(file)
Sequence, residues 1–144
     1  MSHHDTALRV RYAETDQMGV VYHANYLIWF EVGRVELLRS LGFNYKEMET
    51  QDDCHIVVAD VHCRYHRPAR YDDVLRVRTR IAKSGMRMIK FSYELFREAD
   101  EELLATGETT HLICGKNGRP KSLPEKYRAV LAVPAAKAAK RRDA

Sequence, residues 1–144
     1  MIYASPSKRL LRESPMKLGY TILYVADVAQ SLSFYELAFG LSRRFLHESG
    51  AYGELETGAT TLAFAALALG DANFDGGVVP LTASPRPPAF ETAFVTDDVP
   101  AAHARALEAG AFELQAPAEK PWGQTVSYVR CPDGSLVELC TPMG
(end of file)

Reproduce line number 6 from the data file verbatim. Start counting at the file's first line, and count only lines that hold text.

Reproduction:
     1  MIYASPSKRL LRESPMKLGY TILYVADVAQ SLSFYELAFG LSRRFLHESG